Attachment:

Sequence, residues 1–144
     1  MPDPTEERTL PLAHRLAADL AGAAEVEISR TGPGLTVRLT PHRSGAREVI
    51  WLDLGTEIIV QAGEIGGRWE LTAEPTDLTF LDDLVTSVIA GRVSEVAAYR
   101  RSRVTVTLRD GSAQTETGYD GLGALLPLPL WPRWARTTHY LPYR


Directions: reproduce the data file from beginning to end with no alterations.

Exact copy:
Sequence, residues 1–144
     1  MPDPTEERTL PLAHRLAADL AGAAEVEISR TGPGLTVRLT PHRSGAREVI
    51  WLDLGTEIIV QAGEIGGRWE LTAEPTDLTF LDDLVTSVIA GRVSEVAAYR
   101  RSRVTVTLRD GSAQTETGYD GLGALLPLPL WPRWARTTHY LPYR